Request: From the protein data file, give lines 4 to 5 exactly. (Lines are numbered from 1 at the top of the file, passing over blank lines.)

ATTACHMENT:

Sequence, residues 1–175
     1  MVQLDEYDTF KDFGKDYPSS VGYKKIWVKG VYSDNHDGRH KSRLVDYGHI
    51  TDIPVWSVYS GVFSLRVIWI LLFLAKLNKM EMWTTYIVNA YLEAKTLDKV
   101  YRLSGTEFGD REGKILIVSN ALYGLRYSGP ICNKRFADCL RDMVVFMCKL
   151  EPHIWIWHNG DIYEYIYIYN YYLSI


   101  YRLSGTEFGD REGKILIVSN ALYGLRYSGP ICNKRFADCL RDMVVFMCKL
   151  EPHIWIWHNG DIYEYIYIYN YYLSI